With GDPR now 10 months old it is true to say there are an increasing number of questions but, as yet, few answers.
Most people know that employees have a right to be deleted, unfortunate phraseology in my personal opinion! However, have you considered how you might cope if an ex-employee asks for their photo to be deleted from your website or printed brochure?
Deleting someone from your website sounds relatively straightforward but if the individual is in a group photograph that might pose problems. If that photograph is in a printed brochure those problems might become expensive.
There are several things you will need to consider when you receive the request.
The prominence of the individual in the photograph will need to be an early consideration. If the individual is in the front row of a small group of employees then you will have to accede to the request promptly; if they are a small figure at the back of a large group of individuals then it is likely that you will be able to retain the photograph at least until you redesign the website or brochure.
The reason for using the photograph in the first place will also be a consideration. A picture of a group of employees climbing Snowdon for charity is not something you could replicate and is possibly important to the image of your organisation. A snap of your hospitality team on the other hand, can be replicated and would be more accurate if it only shows current employees.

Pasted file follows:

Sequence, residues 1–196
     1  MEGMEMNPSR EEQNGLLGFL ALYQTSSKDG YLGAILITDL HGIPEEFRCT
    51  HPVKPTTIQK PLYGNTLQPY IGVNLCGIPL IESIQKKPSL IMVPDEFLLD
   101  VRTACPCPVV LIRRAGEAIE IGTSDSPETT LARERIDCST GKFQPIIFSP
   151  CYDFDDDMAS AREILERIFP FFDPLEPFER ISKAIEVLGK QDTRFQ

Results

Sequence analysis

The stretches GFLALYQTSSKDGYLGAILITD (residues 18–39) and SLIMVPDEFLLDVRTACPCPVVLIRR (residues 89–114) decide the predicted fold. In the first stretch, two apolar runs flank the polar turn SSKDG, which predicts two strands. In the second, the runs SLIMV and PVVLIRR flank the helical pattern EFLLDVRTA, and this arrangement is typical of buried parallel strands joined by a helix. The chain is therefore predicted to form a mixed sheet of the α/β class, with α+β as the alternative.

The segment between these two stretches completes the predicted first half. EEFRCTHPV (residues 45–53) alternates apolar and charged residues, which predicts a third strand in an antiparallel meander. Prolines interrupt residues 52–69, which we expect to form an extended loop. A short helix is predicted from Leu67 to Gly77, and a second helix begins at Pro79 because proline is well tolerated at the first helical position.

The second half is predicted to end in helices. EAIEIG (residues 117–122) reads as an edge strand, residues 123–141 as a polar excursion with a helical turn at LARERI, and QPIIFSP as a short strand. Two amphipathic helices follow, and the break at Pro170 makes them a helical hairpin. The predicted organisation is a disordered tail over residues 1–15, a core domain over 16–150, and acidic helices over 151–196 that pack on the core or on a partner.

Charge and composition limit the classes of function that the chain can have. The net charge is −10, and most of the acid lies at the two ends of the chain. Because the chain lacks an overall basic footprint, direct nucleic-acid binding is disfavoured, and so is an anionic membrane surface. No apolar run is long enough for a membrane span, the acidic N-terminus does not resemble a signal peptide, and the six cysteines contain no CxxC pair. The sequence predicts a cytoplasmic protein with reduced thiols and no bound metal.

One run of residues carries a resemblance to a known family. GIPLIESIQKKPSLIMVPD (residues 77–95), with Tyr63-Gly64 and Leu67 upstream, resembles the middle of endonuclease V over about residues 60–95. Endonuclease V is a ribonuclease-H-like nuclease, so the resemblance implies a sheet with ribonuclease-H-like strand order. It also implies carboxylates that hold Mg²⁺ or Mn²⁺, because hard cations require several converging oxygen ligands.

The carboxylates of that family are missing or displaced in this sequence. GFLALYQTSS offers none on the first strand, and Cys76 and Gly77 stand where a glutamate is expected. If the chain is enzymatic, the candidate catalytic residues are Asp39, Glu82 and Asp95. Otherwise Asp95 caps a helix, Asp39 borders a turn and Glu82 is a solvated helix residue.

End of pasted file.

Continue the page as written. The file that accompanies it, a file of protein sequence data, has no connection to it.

Weigh the balance between your needs and individual rights
You will need to weigh the balance of importance between your need to keep the photograph and the individual’s need to have it deleted. If the ex-employee has gone to work for one of your competitors then they will be very keen for the photograph to be removed. But if removal of the photograph from, for example, a thousand printed brochures is going to be very expensive then there is a dilemma and the answer may rest with the size of your organisation and the financial resources available to it. A small organisation with few financial resources may be able to persuade the individual and/or the Information Commissioner that the request was unreasonable but that you will accede in due course; if you are a relatively wealthy organisation that explanation may not carry very much weight.
Keep an audit trail
As is always the case, maintaining an audit trail of your decision making process is likely to be important. Explain your reasoning clearly, be transparent. When your employee resigns tell them that you will be removing their photograph from your website as soon as practical or from your brochures at the next print run. On the whole, most people are reasonable if they know the problem has been properly considered and that events will take their course. It is not knowing and thinking that the problem is being ignored that so often drives individuals to seek professional advice or worse.